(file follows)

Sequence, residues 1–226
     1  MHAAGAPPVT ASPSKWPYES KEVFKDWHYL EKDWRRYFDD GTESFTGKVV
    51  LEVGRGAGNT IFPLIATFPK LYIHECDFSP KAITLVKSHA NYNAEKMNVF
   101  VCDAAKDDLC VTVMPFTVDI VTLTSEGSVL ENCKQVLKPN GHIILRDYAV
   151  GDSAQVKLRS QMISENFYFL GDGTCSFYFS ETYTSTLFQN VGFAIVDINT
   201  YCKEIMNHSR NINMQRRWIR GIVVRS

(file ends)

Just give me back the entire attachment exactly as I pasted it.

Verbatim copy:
Sequence, residues 1–226
     1  MHAAGAPPVT ASPSKWPYES KEVFKDWHYL EKDWRRYFDD GTESFTGKVV
    51  LEVGRGAGNT IFPLIATFPK LYIHECDFSP KAITLVKSHA NYNAEKMNVF
   101  VCDAAKDDLC VTVMPFTVDI VTLTSEGSVL ENCKQVLKPN GHIILRDYAV
   151  GDSAQVKLRS QMISENFYFL GDGTCSFYFS ETYTSTLFQN VGFAIVDINT
   201  YCKEIMNHSR NINMQRRWIR GIVVRS